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TD Fay main thread
08-27-2008, 07:33 AM
Post: #2631
TD Fay main thread
Fay is raining on me now in Raleigh, North Carolina. Some areas of the state are now under a flash flood watch and warnings. Ed
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09-03-2008, 05:49 PM
Post: #2632
TD Fay main thread
Although this could be posted in the Hanna thread, its flooding that's still ongoing from Fay's rains!!

Rise Of St. Johns River Complicated By Hanna

Wednesday, September 03, 2008 1:17:20 PM
DELAND -- The National Weather Service says that the St. Johns River is starting to recede in the area of Lake Harney, but the river is continuing to rise in cities like Astor, which it right at the Lake-Seminole county line.
The weather service expects the St. Johns River to crest at 8.1 feet in Sanford, and at 5.6 feet in DeLand by Thursday. That is still six inches below its record heights in both locations.
There is a flood warning in effect until further notice for the entire St. Johns River area above Lake Harney.
Volusia Prays For Reprieve

As Hanna heads for Florida, western Volusia County is hoping and praying for a reprieve.
There is still widespread flooding in DeBary, Stone Island and along the Hontoon peninsula in DeLand.
DeBary is pumping 50 million gallons of water a day, but some 600 million gallons fell on the city during Tropical Storm Fay.
If weather predictions come to fruition, Hanna could bring another 4 to 5 inches of rain to the waterlogged city.

One Lane Opens On S.R. 46

Meanwhile, one lane of State Road 46 is now open in Brevard and Seminole counties, but drivers should still expect delays.
The Florida Highway Patrol is alternating eastbound and westbound traffic in the area of Lake Harney. Commercial traffic is being blocked from the area.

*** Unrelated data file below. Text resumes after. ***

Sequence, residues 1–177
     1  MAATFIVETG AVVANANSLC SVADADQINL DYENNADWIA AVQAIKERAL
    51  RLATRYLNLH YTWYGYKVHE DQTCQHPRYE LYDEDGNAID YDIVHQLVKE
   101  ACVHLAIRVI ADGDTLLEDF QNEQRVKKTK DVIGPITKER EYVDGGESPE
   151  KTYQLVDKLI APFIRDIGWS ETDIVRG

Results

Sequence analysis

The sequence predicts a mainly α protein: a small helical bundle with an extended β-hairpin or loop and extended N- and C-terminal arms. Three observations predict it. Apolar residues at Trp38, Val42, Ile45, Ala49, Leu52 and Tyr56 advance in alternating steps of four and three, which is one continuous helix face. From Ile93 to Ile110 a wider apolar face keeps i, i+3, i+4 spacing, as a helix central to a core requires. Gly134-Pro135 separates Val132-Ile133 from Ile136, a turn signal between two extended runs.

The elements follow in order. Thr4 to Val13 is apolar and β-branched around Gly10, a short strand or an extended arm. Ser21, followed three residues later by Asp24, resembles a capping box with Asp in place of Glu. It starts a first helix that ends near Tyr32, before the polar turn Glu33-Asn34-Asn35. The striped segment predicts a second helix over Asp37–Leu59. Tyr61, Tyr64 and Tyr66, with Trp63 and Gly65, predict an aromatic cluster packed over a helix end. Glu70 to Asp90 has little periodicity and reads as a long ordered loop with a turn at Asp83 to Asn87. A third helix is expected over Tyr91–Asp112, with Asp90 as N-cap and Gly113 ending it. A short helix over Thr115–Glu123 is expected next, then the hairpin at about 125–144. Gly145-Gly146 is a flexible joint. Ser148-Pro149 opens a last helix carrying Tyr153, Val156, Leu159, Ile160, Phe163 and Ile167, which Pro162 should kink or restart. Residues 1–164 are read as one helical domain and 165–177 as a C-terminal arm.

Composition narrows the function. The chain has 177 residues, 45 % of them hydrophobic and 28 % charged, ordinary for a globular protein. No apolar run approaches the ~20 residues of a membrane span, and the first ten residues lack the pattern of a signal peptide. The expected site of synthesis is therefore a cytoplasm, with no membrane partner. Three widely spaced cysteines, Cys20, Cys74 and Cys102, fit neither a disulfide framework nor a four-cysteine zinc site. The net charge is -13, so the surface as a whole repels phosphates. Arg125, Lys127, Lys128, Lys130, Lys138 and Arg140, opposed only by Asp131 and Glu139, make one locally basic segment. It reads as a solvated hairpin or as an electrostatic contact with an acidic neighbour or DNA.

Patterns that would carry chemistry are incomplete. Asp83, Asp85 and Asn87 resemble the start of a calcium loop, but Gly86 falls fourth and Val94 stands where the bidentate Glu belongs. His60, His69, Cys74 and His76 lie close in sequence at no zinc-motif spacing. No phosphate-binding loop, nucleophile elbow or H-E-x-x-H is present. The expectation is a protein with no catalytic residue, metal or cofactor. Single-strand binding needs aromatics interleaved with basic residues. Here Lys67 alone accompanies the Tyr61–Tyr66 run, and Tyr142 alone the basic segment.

The road is still partially under water because the nearby St. Johns River is still above flood stage.
The Florida Department of Transportation said the road will not completely reopen until the water completely recedes.
Sanford Hands Out Sandbags

Areas hit hard by Tropical Storm Fay are now doing all they can to protect themselves from even more flooding if Hanna hits.
In Sanford, access to the city's popular Riverwalk is closed to traffic because of flooding.
The head of Sanford's Public Works Department said people should try to prevent damage by lining their homes with sandbags.
Residents News 13 spoke with were taking advantage of the free sand and sandbags. They said they just weren't prepared for Fay.
"The water rose about 4 feet in my place, maybe higher, and I experienced water in my bedroom, living room, so I'm trying to protect that right now," said Louis Guess.
"(The water) was up to our back fence. We had about 8 or 12 inches left to go and it would have been in our house,as well. Trying to be prepared this time," Chad Blatchley said.
Sanford city leaders also fear strong winds from Hanna could push even more water onto roads that are already flooded.

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